Joining a gym and improving your physical fitness are not easy decisions to make, especially for individuals with limb loss or any type of limitation.
A good trainer pushes a client to progress while changing up the exercises, tempos, and reps, but they also work with any limitations their clients may have. One person may be an above-knee amputee, for example, while another may have permanent nerve damage from cancer treatment. Accommodating someone’s challenges is a big part of what a personal trainer or coach does.
It’s equally important for clients to have access to a quality gym with specialized bars and pieces of equipment. Working out with a pro should also be a safe, enjoyable and effective way for people to meet their fitness goals, whether it’s to build strength, lose weight or work on balance.
Finding Qualified Trainers
At the very least, trainers should hold a relevant degree in a field such as
Some trainers pursue advanced education to work with special populations and truly have an understanding of the physical body. In addition to limb loss, special populations may include those with cerebral palsy, spinal cord injuries, or spina bifida. Trainers and coaches who specialize in understanding the limitation of movement aren’t as easy to come by as you’d think.
The constantly evolving field of prosthetics involves the “merger of the human body and machine,” explains physical therapist Nicolas Ferrara.
“While this sounds futuristic, it is the direction the field is headed in,” he writes in NewGradPhysicalTherapy.Com. “Getting into the prosthetics field as a physical therapist provides you with a unique opportunity to be at the forefront of new technology and allows you to work with patients who previously would have been seriously disabled for their entire lives.”
Physical Therapist or Trainer
Trainers aren’t the same as physical therapists, but there is some overlap. Both professions get people moving and help them stick to their fitness goals. Some physical therapists are also certified, athletic trainers.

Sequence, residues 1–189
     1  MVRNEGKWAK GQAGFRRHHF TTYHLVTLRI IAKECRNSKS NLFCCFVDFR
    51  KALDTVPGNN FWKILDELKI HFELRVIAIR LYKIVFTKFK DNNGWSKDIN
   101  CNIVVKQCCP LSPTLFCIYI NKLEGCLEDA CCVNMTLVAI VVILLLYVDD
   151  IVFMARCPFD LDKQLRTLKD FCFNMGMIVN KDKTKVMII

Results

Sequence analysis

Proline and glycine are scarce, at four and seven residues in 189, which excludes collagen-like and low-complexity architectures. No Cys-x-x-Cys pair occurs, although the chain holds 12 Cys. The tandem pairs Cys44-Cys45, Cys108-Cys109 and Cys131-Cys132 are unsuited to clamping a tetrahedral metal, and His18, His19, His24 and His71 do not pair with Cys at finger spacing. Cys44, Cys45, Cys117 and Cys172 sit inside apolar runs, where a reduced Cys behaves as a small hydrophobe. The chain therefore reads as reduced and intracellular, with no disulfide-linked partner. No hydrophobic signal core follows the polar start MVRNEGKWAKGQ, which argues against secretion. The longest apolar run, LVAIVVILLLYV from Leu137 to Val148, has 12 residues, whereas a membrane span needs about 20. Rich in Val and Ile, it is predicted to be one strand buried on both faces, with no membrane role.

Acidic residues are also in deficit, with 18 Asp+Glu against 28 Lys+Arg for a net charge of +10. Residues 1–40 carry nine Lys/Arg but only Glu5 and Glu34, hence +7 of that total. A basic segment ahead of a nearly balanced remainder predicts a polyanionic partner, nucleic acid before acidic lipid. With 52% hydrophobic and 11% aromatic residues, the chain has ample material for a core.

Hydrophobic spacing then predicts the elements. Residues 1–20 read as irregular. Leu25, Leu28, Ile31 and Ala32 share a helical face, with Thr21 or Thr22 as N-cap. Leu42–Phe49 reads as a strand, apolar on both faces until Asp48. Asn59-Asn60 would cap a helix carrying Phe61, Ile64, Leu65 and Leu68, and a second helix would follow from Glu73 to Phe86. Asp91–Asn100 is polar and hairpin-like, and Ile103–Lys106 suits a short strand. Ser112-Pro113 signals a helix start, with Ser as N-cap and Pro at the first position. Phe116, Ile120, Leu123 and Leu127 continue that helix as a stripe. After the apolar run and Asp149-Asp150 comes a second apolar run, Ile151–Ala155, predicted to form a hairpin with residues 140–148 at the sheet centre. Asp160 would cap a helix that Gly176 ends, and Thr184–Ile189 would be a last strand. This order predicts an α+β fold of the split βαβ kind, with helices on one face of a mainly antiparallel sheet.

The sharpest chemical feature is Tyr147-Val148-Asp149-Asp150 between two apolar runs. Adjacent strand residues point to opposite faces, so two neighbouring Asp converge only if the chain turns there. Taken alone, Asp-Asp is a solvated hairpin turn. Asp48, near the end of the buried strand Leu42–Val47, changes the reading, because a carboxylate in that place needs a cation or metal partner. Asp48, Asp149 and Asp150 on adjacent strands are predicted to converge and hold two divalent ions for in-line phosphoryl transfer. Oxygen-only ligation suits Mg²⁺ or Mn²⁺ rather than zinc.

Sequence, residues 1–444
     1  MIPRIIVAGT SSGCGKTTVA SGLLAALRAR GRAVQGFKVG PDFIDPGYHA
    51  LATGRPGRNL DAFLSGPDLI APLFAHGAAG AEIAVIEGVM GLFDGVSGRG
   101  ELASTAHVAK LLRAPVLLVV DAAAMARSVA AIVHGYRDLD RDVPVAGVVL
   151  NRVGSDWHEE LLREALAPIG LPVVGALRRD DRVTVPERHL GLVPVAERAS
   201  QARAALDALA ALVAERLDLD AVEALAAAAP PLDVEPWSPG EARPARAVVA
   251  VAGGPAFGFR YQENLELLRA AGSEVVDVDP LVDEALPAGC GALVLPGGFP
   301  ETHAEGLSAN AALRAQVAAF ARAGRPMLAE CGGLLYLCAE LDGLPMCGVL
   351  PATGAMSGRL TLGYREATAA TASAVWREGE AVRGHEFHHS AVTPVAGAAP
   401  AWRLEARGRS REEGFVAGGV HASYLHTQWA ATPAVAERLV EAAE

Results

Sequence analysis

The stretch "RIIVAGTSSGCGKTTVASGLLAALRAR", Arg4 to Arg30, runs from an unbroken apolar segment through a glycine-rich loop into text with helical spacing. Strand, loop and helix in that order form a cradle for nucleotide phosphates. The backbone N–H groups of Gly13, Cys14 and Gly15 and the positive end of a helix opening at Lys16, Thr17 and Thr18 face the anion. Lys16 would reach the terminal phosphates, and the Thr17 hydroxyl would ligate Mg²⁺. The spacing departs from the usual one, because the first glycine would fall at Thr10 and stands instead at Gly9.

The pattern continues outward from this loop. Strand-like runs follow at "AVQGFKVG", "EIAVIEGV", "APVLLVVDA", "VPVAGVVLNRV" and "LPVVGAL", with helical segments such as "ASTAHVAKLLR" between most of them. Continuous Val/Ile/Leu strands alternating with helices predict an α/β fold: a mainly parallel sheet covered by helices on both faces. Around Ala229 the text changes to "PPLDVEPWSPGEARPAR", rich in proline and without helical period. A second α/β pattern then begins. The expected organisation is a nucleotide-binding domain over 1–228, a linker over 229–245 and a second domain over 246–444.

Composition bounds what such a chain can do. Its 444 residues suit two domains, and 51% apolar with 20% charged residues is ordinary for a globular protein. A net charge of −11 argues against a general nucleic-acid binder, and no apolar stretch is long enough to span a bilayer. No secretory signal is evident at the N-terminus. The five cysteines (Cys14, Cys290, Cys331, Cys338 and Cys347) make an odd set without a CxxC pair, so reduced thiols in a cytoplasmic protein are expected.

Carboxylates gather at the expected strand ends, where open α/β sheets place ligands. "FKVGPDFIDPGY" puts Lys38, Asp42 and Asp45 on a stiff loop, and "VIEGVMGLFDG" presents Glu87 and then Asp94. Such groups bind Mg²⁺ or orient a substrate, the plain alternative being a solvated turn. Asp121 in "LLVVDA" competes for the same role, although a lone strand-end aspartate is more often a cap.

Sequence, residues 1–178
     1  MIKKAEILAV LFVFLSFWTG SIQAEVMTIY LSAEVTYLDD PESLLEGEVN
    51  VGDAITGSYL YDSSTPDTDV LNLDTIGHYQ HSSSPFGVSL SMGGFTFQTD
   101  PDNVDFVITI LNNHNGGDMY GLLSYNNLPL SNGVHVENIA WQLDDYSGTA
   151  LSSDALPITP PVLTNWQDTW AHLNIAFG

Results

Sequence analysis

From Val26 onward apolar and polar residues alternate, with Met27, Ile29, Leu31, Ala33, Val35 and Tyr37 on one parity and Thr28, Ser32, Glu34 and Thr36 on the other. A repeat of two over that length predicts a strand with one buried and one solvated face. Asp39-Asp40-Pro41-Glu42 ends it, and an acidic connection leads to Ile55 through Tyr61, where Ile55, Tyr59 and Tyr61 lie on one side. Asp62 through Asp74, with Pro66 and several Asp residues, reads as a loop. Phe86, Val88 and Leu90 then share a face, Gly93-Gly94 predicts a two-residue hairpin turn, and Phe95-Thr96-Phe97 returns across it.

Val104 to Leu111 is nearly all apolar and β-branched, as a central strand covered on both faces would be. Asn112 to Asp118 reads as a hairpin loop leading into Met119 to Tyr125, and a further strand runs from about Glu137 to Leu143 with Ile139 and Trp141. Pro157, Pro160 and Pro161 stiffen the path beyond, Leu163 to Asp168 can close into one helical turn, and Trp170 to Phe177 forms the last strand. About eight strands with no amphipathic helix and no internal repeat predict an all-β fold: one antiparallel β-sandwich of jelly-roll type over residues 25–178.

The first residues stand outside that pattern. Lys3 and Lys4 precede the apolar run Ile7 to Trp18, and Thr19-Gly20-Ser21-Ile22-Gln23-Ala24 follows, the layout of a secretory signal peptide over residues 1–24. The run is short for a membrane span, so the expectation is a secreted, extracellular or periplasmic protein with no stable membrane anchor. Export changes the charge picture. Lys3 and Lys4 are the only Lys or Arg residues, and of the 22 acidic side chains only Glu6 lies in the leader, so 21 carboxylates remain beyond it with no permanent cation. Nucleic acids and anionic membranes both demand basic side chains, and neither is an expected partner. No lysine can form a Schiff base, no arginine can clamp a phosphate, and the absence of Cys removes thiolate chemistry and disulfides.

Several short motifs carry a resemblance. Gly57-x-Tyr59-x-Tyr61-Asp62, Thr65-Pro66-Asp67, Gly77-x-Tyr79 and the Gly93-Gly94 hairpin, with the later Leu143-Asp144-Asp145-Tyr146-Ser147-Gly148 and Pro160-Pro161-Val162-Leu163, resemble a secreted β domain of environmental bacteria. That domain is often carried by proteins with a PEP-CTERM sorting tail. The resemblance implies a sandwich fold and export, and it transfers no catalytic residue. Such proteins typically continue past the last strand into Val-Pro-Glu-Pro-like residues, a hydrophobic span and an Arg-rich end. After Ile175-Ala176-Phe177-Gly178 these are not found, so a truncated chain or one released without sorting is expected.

Clients need to be careful about choosing trainers who aren’t equipped to handle certain medical issues or health concerns. This advice comes from someone who is not only a personal fitness coach and athlete but a bilateral above-knee amputee.
“Personally speaking, I’ve witnessed many instances (and have probably been guilty myself) of trainers taking on clients with medical issues or health concerns beyond what the trainer was capable of handling properly,” writes Trevor Bunch for Amputee Coalition. “This often results in a negative experience for the client – anywhere from simply a bad workout to not getting the results they wanted or even to further injury! Your health is an important investment, and getting a personal trainer or coach will serve to enhance your return on investment – as long as they’re the right fit for you!”
Trainers just need to make sure they completely understand someone else’s health issues and physical limitations before taking on a client in a special population. They need to familiarize themselves with the equipment or devices someone uses to function on a daily basis. This could be a wheelchair or something more simple like compression socks that are often recommended while exercising because they help increase blood flow in the legs and back to the heart.
Good trainers are more than willing to familiarize themselves and do the extra work it takes to work with their individual clients.
What About Robots?
In the same vein of “machine and human body” relationships, there are healthcare and nursing robots for everything imaginable, including rehabilitation and sports therapy. Robot Emma was invented in 2016 in Singapore to reduce the reliance on trained sports therapists. Say what?
Emma, short for Expert Manipulative Massage Automation, has treated professional athletes for conditions involving stiff neck and shoulders, lower back pain and even tennis elbow. She is designed to improve sports recovery over time, according to an article in ScienceDaily.
“Emma is a robotic arm that comes with a 3D stereoscopic camera and a custom made 3D-printed massage tip,” the article explains. “It uses sensors and diagnostic functions to measure the response of a patient and the stiffness of a particular muscle or tendon. The detailed diagnostics are
Even though robots like Emma aren’t designed to replace human therapists it still begs the question: Will robots replace human personal trainers someday? Probably not. Regardless of how much technology evolves, a client can never get effective mentorship, a genuine pat on the back, or emotional support they may crave from a robot. Therefore there will always be a role for highly qualified personal fitness trainers.
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